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Jerome Groopman

Autor(a) de How Doctors Think

12+ Works 2,902 Membros 78 Reviews 4 Favorited

About the Author

Jerome Groopman, M.D., is chief of experimental medicine at Beth Israel Deaconess Medical Center in Boston
Image credit: Jerome Groopman

Obras de Jerome Groopman

How Doctors Think (2007) 1,653 cópias, 50 resenhas
The Best American Science and Nature Writing 2008 (2008) — Editor — 215 cópias, 6 resenhas
Second Opinions (2000) 135 cópias, 1 resenha
The Best American Science Writing 2010 (2010) — Editor — 107 cópias, 2 resenhas
Dying Words (1999) 3 cópias
Umudun Anatomisi (2020) 1 exemplar(es)
Doktorlar Nasil Düsünür? (2017) 1 exemplar(es)

Associated Works

The Best American Science Writing 2007 (2007) — Contribuinte — 237 cópias, 5 resenhas
The Best American Science Writing 2005 (2005) — Contribuinte — 193 cópias, 1 resenha
The Best American Science Writing 2002 (2002) — Contribuinte — 146 cópias, 1 resenha
The Best American Science Writing 2008 (2008) — Contribuinte — 144 cópias, 3 resenhas
An Uncertain Inheritance: Writers on Caring for Family (2007) — Contribuinte — 44 cópias


Conhecimento Comum

Nome de batismo
Groopman, Jerome E.
Data de nascimento
Locais de residência
Boston, Massachusetts, USA
Columbia University (M.D.)
Harvard University
The New Yorker



Non-fiction, medical. A well-written overview of medical biases in practice. Most of these are unconscious on the part of the doctor. Most can be corrected by a doctor’s studying his cases and the results of their diagnosis and treatment. The doctor must always be aware of the results of their treatment. The patient and their family and friends must also be aware of results and must be willing to keep asking questions. The successful treatment results from the active collaboration between doctors and their patients communicating freely, openly, and honestly. .… (mais)
bgknighton | outras 49 resenhas | Mar 10, 2024 |
Worth reading for insights to how doctors think and make decisions and how a patient can use this to advocate for themselves. But there are many anecdotes and some parts dragged.
mmcrawford | outras 49 resenhas | Dec 5, 2023 |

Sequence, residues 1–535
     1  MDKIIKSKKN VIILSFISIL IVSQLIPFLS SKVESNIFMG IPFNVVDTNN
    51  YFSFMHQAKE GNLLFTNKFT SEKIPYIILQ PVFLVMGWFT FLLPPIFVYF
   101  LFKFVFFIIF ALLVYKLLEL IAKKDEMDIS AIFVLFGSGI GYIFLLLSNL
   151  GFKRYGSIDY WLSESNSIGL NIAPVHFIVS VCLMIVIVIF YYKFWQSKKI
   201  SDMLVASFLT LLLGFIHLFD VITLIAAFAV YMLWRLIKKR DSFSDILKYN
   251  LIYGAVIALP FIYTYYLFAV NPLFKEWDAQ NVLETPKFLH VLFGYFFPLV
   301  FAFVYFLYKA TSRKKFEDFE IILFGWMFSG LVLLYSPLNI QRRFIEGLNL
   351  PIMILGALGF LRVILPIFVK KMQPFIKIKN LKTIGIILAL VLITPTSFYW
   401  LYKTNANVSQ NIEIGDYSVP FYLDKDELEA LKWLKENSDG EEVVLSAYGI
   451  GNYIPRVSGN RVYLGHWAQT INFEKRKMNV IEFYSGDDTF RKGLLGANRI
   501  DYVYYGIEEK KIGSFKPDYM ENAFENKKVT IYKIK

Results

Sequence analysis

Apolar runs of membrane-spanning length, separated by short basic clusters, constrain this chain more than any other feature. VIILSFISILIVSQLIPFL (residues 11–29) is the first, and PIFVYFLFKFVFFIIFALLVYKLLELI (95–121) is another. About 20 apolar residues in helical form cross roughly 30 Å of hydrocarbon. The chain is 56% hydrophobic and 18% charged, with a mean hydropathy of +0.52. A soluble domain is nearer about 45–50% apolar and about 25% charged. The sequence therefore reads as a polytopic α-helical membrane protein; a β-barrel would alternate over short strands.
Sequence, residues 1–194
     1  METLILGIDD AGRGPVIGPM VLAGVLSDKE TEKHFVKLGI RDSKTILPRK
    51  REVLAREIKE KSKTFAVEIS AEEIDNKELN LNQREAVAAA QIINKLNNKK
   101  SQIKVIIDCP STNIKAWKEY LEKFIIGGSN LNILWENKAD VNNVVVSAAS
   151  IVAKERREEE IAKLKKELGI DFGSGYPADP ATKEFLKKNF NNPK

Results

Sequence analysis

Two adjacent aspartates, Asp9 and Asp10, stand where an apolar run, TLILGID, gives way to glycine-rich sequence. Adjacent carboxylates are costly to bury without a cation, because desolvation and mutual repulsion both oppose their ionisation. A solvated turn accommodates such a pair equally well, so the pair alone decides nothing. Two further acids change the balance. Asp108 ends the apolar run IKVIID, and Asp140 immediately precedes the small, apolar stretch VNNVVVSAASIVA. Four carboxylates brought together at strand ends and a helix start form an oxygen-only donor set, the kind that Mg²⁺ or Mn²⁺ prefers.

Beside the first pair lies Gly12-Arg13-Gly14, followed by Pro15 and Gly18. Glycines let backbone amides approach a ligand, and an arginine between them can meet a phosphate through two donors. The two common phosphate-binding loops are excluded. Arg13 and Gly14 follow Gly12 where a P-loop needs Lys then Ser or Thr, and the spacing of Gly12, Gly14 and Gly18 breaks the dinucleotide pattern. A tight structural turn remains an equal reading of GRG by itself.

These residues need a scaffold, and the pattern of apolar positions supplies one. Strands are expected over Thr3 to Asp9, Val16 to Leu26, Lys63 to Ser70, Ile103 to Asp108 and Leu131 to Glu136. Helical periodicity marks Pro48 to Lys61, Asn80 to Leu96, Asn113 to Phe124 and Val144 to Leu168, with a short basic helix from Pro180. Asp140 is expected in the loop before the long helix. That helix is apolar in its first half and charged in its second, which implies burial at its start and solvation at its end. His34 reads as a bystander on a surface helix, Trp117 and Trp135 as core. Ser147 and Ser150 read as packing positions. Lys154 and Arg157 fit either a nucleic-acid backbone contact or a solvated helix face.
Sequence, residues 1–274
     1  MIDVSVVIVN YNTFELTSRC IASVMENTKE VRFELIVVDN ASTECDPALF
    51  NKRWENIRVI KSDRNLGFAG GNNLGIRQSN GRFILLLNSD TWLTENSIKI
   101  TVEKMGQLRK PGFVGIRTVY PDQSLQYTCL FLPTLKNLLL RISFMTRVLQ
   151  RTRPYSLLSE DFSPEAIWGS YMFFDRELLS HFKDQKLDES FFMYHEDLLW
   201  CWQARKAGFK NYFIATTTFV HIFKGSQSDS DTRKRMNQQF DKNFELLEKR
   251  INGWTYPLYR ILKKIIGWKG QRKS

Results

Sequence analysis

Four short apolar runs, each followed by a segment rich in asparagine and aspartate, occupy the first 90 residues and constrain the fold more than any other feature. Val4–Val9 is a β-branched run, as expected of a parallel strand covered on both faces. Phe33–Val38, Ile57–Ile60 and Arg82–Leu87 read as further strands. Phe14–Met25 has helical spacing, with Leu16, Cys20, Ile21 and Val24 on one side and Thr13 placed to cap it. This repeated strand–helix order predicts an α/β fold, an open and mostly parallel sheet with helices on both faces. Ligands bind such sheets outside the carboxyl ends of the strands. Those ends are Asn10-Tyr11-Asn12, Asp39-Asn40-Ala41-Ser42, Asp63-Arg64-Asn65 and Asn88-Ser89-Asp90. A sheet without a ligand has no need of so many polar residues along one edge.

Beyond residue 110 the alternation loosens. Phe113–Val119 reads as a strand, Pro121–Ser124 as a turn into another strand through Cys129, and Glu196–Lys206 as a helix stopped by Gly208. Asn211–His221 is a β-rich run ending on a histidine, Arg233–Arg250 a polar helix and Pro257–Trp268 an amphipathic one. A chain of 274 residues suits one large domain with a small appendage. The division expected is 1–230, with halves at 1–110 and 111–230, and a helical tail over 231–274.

Jerome Groopman’s How People Prevail in the Face of Illness: The Anatomy of Hope taught patients, vital lessons about coping in life. This book covered a number of medical case studies. It showed the author as a beginning intern while undergoing his first experiences with patients, and later in his profession as an oncologist.
Groopman’s growth became evident by the way he related to patients. At first under a teaching associate, he tried to give a patient a hopeful picture. This was the case, although this woman had cancer that had metastasized. But as this doctor developed in his practice, he provided his patients with the necessary data, and instilled a true hope in their condition.
His patients therefore benefited from this new approach. Groopman was able to develop professionally, and made it his duty to talk to experts about patients’ emotions. He was particularly interested in the nature of hope. This information made him aware of sections of the brain that were responsible for positive behavior. Yet, he realized that there could be false hope. This new gift in his medical tool box led him to successfully treat his patients. But he also lost others to illness in the process. One patient who he was fond of died, and devastated him. This setback was hard to take.
Some chapters dealt with Groopman himself as a patient. He had suffered a back injury during a marathon. The author was experiencing excruciating pain, visited specialists at different hospitals, but was unable to find relief. It was interesting to note that how being a doctor didn’t help his condition. To find a cure he consulted with different specialists. Fortunately, he was able to find relief, his condition improved, and he could walk many blocks. Groopman had put this belief of hope in action as he underwent physical therapy, and the stress of living with a bad back just like he did with his patients.
… (mais)
erwinkennythomas | outras 6 resenhas | Feb 7, 2023 |
While this book uniformly receives "5's" my curmudgeonly side gives it a "4." The book was overall excellent but some parts dragged from a bit too much detail. But it is worth the read.

The main premise was defective communication by doctors. The minor premise though was equally scary; the number of botched diagnoses but top doctors at top hospitals. On the other hand I recognize that sick people are inherently damaged goods. Perfection is impossible since medicine is an art, not a science.… (mais)
JBGUSA | outras 49 resenhas | Jan 2, 2023 |



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